jaclaz 
 

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1 hour ago, jaclaz said:

how to optimize the system for faster booting

Many schools has very old computers and maybe bad networking, sooo optimize the OS for faster booting is't the thing that comes too ones maid, I can imaged :unsure: 

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1 hour ago, mikedigitize said:

Many schools has very old computers and maybe bad networking, sooo optimize the OS for faster booting is't the thing that comes too ones maid, I can imaged :unsure:

We are not talking of "generic schools", we are taking of "computer classes", where the people that tomorrow (or the day after tomorrow) will be likely qualified to maintain your personal system (or your bank system, or the system that runs traffic lights in your city, whatever) learn the base knowledge on how to do that.

I was hoping that they were better educated by their teachers.

I was not expecting (I know how schools have often older systems) times expressed in seconds, but 5-10 minutes, come on :).

jaclaz


 

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In all my career I met/hired/worked with few "computer graduates" who knew much of anything practical about computers.  We always had to train them to do the real software work the communications industry required.  And only some of them actually were trainable; even fewer could do things like real-time programming. 

At various times I set up and maintained the computer systems and software development environments used by departments of software engineers - because IT people were generally even worse than the "computer graduates" at making things work.  Almost none of the Engineers knew how to (or cared to) run their Windows systems as a tight ship.

Yes, I know these are overgeneralizations, but they're no doubt why Microsoft is dumbing things down and offering "Windows as a Service".

I fear there's a knowledge/wisdom base that's going to die with us old-timers who cut our teeth programming logic gates and 8 bit processors in machine code that ran at tens of thousands of instructions per second, and who are actually still interested in how things work under the covers.

I challenge all the young folks here to do better.  The world is going to stop working (which means no more Facebook or microwave ovens or XBox) if you don't.

-Noel

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15 minutes ago, NoelC said:

I fear there's a knowledge/wisdom base that's going to die with us old-timers who cut our teeth programming logic gates and 8 bit processors in machine code that ran at tens of thousands of instructions per second, and who are actually still interested in how things work under the covers.

Are you trying to join the old grumpy people club?

I can put a good word for you, if you are interested ;).

8 bit processors? LUXURY! Why in my day ....

https://tinyapps.org/blog/misc/200702250700_why_in_my_day.html

... and we LIKED it!

jaclaz
 

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7 hours ago, jaclaz said:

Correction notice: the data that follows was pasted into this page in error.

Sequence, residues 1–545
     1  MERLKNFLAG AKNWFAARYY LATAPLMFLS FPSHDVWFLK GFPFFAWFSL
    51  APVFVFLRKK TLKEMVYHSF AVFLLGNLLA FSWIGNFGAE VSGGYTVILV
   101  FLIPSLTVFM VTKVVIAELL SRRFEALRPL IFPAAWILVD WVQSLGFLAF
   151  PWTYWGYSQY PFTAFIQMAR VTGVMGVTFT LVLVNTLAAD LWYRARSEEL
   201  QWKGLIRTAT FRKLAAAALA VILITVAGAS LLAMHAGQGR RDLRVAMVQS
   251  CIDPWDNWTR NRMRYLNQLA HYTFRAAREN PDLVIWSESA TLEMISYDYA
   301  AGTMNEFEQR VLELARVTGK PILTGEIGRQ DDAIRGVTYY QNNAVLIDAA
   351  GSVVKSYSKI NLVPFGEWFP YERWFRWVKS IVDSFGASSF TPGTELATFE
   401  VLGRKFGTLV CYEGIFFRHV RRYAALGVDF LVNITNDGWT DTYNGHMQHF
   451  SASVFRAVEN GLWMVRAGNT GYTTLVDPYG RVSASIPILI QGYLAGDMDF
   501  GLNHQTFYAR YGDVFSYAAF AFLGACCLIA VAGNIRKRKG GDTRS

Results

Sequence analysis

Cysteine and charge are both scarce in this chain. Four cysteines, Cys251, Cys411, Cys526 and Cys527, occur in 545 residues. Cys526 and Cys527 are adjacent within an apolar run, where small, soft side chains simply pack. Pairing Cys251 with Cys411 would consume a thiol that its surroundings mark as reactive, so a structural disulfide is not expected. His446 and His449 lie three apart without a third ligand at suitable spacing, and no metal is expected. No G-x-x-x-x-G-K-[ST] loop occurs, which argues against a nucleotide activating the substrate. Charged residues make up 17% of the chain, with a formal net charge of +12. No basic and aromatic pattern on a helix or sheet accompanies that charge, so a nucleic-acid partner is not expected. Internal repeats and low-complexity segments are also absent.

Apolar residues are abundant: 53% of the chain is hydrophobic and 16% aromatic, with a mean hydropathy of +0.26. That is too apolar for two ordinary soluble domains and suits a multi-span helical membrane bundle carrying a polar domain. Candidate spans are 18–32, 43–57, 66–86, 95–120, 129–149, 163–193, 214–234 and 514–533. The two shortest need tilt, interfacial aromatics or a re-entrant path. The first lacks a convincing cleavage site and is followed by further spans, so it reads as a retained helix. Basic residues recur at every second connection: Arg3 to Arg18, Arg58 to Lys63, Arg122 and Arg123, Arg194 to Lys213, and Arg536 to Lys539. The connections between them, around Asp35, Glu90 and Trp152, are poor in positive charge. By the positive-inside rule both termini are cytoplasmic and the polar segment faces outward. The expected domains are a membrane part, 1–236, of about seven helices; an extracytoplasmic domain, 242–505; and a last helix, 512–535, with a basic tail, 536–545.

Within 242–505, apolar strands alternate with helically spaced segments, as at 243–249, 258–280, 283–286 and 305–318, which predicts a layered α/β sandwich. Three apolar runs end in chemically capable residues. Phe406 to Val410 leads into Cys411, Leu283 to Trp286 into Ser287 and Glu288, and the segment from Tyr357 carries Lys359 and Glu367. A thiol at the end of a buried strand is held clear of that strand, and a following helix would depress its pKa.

Well, allow me to disagree, students in a computer class should have been taught how to speed up their booting, I see it more as a failure of the course than wasted learning time, if the teachers/instructors didn't manage to teach (in the remaining minutes after the looooong time to boot) how to optimize the system for faster booting (and/or if the students didn't decide to study on their own how to solve this evident anomaly) there is a problem.

jaclaz 
 

I agree with your opinion.  However, in the real world, Tucson, Arizona, schools and learning have been allotted a very low priority.  Also, the directive of the Technology Department at the school stated that no teachers, students and some computer technicians were to change any settings on the computer classroom equipment, hardware or software.  Perhaps Arizona education attitudes are what has put Arizona close to the bottom on the list of states in the US.  Perhaps a donation from another country would help us out?  On the bright side, at least some of the students have iPhones and iPads that they use at home instead of the old PCs at school.  Remember, we're talking Arizona with temperatures high enough to hurt students brains (115-120 degrees) and maybe the politicians brains as well.  I remember the one room school house that I attended that had no computers at all but that was before computers.  We were not concerned about "boot times" at all.  Wow, we've come a long way in 65 years.  Now I understand that slow computers are crap but the students and teachers still don't get to speed up there slow computers.  Even if I gave the school an SSD they would refuse to install it because of the "policy."  Yes, that's crap but this is the crap forum.

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13 hours ago, kosamja said:

40 seconds on SSD? I wonder how much boot would be faster if WarpDisk is used on SSD...

Yes, I'm wondering the same thing.  WarpDisk is now bookmarked on that computer.  Thanks, the future is now.

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3 hours ago, BudwS said:

Yes, I'm wondering the same thing.  WarpDisk is now bookmarked on that computer.  Thanks, the future is now.

I look forward to hearing the results of that.

An anecdote:  A while back I learned of a RAM caching program - I forget the name, it was a cutesy one, something like FancyCache - that would add a layer of RAM write-back caching between the hardware and the software, to the point where huge amounts of I/Os could be completed with the disk subsystem getting way behind.  Its claim to fame is that it speeds up I/O benchmarks tremendously.

The reality is that there already is RAM caching and a lot of optimization in the system.  When I tested this amazing caching package with my SSD setup, it didn't turn out to speed up actual I/O intensive applications at all.  But it DID cause some system instability.

-Noel

Edited by NoelC